BallotBox is a mobile application meant to encourage public participation in the democratic process and build an informed electorate. The main function is to allow the user to identify their congressional representative and call them. The secondary function is to inform the user of trending political issues. An additional function I have included allows the user to see what their representative has said or voted on about a particular issue, thereby linking the two main functions.
The first time the user opens the app, they will be directed to the “Find Your Representative” screen where they can search by ZIP code or by street name in case the ZIP code borders multiple districts and they user doesn’t know their ZIP code extension. Once they find their representative, they can view their information, add it to their “Your Representatives” list, make a call, or send an email.
Once the user adds a representative, they will show up automatically by tapping the “Your Representative” tab from the toolbar at the bottom of the screen. The user can add more than one representative by tapping the plus symbol in the upper right hand corner of the screen. This will take the user back to the search process. The user can also delete a representative by tapping the remove button under representative’s photo in the “Your Representative” tab.
The “Trending” tab will take the user to a page of trending political issues. They can narrow this searching for their state from the searchbar or by selecting a particular category. By tapping on a particular issue, the user can see how their representative has voted in the past and any relevant quotes they have made regarding that issue.
In “History,” the user can see a list of previous calls they have made from the app and the date those calls were made. They can remove calls from this list by tapping “Edit” in the upper left hand corner. They can also toggle the segmented toolbar to see emails they have sent their representatives.
The goals for building this prototype were to test the information architecture and user flow of the app, the discoverability of features, and the placement and labeling of buttons. Preliminary user feedback encouraged me to change the wording of the “Save” representative feature to “Add” representative because an iPhone doesn’t allow you to save in the way you would on a computer. I also changed the manner of accessing details of the representatives in the user’s list from a small arrow to making the entire sheet a touch target.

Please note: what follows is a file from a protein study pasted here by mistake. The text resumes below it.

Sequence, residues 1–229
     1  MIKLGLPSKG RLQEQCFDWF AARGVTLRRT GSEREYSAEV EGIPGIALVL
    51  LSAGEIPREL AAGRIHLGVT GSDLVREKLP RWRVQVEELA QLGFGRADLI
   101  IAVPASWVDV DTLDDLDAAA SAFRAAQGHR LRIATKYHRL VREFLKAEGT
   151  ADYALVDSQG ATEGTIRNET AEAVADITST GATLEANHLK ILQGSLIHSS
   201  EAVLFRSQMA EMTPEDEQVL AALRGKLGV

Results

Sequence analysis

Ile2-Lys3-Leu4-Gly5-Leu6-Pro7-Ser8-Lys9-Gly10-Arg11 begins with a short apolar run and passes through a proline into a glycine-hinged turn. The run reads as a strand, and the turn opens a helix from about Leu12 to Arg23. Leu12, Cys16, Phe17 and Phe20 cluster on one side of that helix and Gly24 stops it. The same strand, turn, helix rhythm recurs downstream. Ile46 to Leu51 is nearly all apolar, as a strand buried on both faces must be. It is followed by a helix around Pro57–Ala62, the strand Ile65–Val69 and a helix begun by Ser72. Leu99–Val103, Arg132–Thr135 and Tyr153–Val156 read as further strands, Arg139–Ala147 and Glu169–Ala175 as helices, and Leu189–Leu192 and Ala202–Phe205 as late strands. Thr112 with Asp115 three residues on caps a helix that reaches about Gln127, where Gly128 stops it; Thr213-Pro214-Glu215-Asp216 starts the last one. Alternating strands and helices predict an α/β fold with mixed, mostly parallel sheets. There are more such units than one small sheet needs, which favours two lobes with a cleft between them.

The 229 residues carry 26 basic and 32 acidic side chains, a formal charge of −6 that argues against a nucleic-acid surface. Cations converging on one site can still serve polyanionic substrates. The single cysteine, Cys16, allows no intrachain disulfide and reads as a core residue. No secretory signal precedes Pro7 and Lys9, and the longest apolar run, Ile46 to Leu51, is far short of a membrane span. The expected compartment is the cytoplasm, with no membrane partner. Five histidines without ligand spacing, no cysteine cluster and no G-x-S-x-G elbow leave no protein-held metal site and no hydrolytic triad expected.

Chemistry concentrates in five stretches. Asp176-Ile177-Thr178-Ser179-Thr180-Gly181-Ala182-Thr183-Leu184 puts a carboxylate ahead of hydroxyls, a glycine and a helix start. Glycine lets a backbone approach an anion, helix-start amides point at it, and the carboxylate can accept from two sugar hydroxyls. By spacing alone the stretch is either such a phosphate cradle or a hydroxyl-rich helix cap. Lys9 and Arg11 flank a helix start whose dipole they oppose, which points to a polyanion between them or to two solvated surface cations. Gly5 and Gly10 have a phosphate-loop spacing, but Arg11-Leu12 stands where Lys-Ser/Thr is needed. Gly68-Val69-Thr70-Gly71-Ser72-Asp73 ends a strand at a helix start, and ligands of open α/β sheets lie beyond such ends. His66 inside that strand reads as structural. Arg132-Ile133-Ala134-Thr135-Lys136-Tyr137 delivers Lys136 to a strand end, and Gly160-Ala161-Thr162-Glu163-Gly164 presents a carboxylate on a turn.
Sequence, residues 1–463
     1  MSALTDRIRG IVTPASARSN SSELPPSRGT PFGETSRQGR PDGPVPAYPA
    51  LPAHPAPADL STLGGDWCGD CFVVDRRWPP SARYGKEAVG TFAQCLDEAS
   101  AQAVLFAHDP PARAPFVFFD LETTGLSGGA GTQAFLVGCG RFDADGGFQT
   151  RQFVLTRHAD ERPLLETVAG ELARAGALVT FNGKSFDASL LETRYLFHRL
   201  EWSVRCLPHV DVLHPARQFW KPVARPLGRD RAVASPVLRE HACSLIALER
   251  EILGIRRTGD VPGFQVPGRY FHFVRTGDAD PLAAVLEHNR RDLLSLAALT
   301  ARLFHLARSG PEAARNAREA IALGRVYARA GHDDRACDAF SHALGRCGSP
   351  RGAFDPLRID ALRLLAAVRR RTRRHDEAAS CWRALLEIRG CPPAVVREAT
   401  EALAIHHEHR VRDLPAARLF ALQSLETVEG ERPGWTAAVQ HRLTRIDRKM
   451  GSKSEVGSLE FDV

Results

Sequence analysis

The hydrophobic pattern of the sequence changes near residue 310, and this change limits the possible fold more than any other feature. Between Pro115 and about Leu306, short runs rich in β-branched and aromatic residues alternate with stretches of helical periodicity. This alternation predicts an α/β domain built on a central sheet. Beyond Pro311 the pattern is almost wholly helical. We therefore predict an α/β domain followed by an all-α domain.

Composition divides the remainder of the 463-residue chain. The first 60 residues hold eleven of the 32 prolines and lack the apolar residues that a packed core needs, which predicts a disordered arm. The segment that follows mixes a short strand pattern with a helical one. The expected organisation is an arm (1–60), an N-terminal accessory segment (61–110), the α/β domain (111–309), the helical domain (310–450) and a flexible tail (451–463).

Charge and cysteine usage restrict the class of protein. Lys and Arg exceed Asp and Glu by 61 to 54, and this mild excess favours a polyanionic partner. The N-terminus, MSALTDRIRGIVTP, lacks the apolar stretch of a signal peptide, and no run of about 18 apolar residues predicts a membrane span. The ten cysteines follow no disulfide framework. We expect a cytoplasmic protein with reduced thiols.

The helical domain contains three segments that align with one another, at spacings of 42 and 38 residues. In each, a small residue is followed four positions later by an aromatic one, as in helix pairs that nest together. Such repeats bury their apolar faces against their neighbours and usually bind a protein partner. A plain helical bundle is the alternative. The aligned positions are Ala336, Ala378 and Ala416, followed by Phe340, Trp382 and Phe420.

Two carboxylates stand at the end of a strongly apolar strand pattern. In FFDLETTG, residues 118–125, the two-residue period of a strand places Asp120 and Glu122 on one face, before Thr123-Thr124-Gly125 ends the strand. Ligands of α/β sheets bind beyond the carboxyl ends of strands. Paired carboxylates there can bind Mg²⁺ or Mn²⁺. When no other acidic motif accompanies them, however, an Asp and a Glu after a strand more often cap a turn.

The user performed the test on a laptop rather than a phone so the results do not reflect how easy or difficult it is to tap on different elements. During user testing, the first task was to search for your representative. I had the user start from the perspective of not having any representatives in their list so they began on the Search page (see user flow), but clicking on “Your Representative” took the user to a page where they had representatives on the list, thereby bypassing the search function. This is a shortcoming of Invision that you cannot pass variables to know when previous actions have been performed. Once I explained what happened to the user they were able to use the Search function.
For the second task, I asked the user to call their representative and then hang up. The user didn’t have any problems, but commented that the “hang up” button was a little hard to see because he did not expect it to be gray. (On the iPhone this button is red.)
For the final task, I wanted to test if it was obvious to the user that they could tap on individual issues. The user was to view trending issues and see what their representative has to say about legalizing marijuana. The user clicked on the “Trending” button in the toolbar and then clicked on the entry on marijuana legalization where they found quotes and opinions on the subject by their representative.